By Ana Martinez-Ortiz
As innocuous as hair seems, there’s no denying it plays a role in a person’s identity. Hair is a defining physical feature, and it can reveal a lot about a person – if they’re sick, if they’re healthy, if they’re rich, if they’re poor and so on.
In this society, we’ve come to associate hair with success and in some ways, assimilation. But what if we viewed hair as nothing more than something that grows out of the top of our head – what would happen then. What if we worked toward seeing someone beyond their physical attributes and instead focused on the content of their character? What would happen then?
“The Wonder Wig” by Dr. Shon Lewis follows the hair journey of Brooke Bell, a young girl whose life changes after receiving a special wig from her aunt.
The story begins when Brooke “borrows” one of her mother’s wig to impress a boy at school. What starts out as a simple plan, quickly spirals out of control when Brooke has an embarrassing moment involving the wig during school. And that’s just chapter one.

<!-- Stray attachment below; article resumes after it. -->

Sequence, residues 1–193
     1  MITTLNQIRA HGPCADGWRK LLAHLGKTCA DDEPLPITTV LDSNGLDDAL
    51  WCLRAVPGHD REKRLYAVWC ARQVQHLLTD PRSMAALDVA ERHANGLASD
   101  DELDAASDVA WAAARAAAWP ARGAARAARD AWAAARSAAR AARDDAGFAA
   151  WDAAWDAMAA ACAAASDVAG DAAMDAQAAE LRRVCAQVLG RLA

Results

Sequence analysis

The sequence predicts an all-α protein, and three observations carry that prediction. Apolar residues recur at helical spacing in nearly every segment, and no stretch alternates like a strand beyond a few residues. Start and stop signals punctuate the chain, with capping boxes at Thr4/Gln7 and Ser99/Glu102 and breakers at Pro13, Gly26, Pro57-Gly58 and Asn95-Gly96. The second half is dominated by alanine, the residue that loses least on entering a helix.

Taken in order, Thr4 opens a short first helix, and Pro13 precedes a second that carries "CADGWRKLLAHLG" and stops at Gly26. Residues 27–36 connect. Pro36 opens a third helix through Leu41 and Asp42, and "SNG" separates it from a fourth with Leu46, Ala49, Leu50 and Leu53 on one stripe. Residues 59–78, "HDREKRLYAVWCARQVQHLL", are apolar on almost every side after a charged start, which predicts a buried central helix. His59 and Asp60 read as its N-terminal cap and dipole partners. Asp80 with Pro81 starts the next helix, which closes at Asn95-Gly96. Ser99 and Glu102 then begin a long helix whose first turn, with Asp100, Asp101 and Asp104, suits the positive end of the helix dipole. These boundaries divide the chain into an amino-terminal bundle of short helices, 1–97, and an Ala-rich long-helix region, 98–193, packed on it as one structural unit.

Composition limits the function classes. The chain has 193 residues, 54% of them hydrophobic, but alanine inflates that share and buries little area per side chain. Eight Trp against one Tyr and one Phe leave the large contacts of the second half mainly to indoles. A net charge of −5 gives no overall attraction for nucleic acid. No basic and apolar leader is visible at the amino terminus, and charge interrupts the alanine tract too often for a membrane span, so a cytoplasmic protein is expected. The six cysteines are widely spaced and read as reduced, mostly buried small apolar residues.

Throughout the book, Brooke discovers that she’s not alone in her hair insecurity and that everyone has struggles of their own from alopecia to hair relaxer and everything in between. While the book takes on fantastical elements, it remains rooted in a reality that people around the globe know too well.
In the end, Bell learns that hair doesn’t equate to beauty and that self-empowerment comes from within.
Overall, “The Wonder Wig” is a simple yet entertaining read. It takes a complicated topic and makes it understandable and relatable. The main message however is illustrated in the first chapter by Brooke’s beloved Granny Lu.
“You have to be happy with how God made you first, and you’re already beautiful, whether you have short hair or long hair, wig or no wig…You remember to always love who you are first, before you expect anyone else to like and love you…Don’t let your hair define who you are.” (“The Wonder Wig”, Pg. 12).